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Re: [tlug] OT: A Good Read

Martin Killmann writes:

 > After reading the article, I think you can take the point he makes
 > beyond the difference of "working with your hands" and "sitting at a
 > desk".


 > He makes a case for old-fashioned craftsmanship.

I respectfully disagree.  He is (ultimately) making the case that
craftsmanship is not possible in a corporate environment, because too
much of the work done in that environment depends on "strategic"
decisions" that cannot encapsulated as "good craftsmanship".

>From a personal point of view, this can create huge amounts of
stress.  Some people should avoid working in that kind of environment.
See also "Worse Is Better", by Richard P. Gabriel.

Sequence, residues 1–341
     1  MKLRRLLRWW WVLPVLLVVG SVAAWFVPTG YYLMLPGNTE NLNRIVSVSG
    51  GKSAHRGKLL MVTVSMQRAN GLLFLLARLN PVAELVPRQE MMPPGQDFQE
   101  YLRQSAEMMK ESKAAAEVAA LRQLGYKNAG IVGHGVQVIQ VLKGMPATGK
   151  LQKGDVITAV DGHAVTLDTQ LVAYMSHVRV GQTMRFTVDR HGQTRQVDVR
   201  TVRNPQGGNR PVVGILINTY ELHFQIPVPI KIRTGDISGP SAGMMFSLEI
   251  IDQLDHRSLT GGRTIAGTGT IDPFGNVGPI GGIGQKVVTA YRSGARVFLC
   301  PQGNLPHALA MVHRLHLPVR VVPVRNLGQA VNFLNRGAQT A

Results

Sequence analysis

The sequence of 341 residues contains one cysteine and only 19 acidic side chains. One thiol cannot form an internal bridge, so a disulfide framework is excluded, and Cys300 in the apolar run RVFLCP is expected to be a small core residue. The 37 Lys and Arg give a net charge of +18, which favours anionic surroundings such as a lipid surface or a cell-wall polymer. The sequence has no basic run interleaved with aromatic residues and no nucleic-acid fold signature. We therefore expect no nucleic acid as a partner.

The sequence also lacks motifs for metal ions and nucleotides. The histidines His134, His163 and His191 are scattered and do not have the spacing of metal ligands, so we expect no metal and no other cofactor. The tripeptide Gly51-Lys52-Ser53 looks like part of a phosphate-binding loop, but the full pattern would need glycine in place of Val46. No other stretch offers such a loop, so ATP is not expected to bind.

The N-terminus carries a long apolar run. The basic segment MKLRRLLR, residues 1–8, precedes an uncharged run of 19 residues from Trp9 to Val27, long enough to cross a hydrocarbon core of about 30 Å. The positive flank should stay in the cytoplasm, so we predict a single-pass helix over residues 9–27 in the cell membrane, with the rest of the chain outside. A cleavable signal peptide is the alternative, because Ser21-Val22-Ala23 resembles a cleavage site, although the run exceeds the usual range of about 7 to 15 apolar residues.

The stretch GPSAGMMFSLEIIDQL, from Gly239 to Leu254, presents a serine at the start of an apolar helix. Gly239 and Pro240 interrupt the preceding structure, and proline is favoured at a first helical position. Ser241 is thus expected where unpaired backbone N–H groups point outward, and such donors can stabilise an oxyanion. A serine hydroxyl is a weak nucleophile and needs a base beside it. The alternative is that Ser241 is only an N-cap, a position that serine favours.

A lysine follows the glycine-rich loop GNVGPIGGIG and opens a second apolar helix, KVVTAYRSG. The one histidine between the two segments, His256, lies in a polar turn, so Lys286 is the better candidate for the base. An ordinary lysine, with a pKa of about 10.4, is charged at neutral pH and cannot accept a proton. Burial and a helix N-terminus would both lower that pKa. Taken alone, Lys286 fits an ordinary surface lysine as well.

> With a hands-on task like repairing a bike, the your work gets immediate
 > feedback. Either the bike runs or it doesn't. It's the same with
 > software.

YMMV, but in the software I work on it unfortunately ain't so.
There's a reason why the standard kind of thread on software channels
is called "bikeshedding", not "bike repairing", you know!

 > What he criticizes are corporate cultures where your work is not judged
 > by the quality of your results, but compliance to standard procedure and
 > personal ego.

If it's medical software, air traffic control, or Social Security you
work on, I hope compliance to procedure is a large part of what you're
judged on.  Momma don't want no cowboys hacking 'round here, Lord,

So it's just not that easy.  To be a craftsman in the corporate
environment requires more skills than just technical ones.

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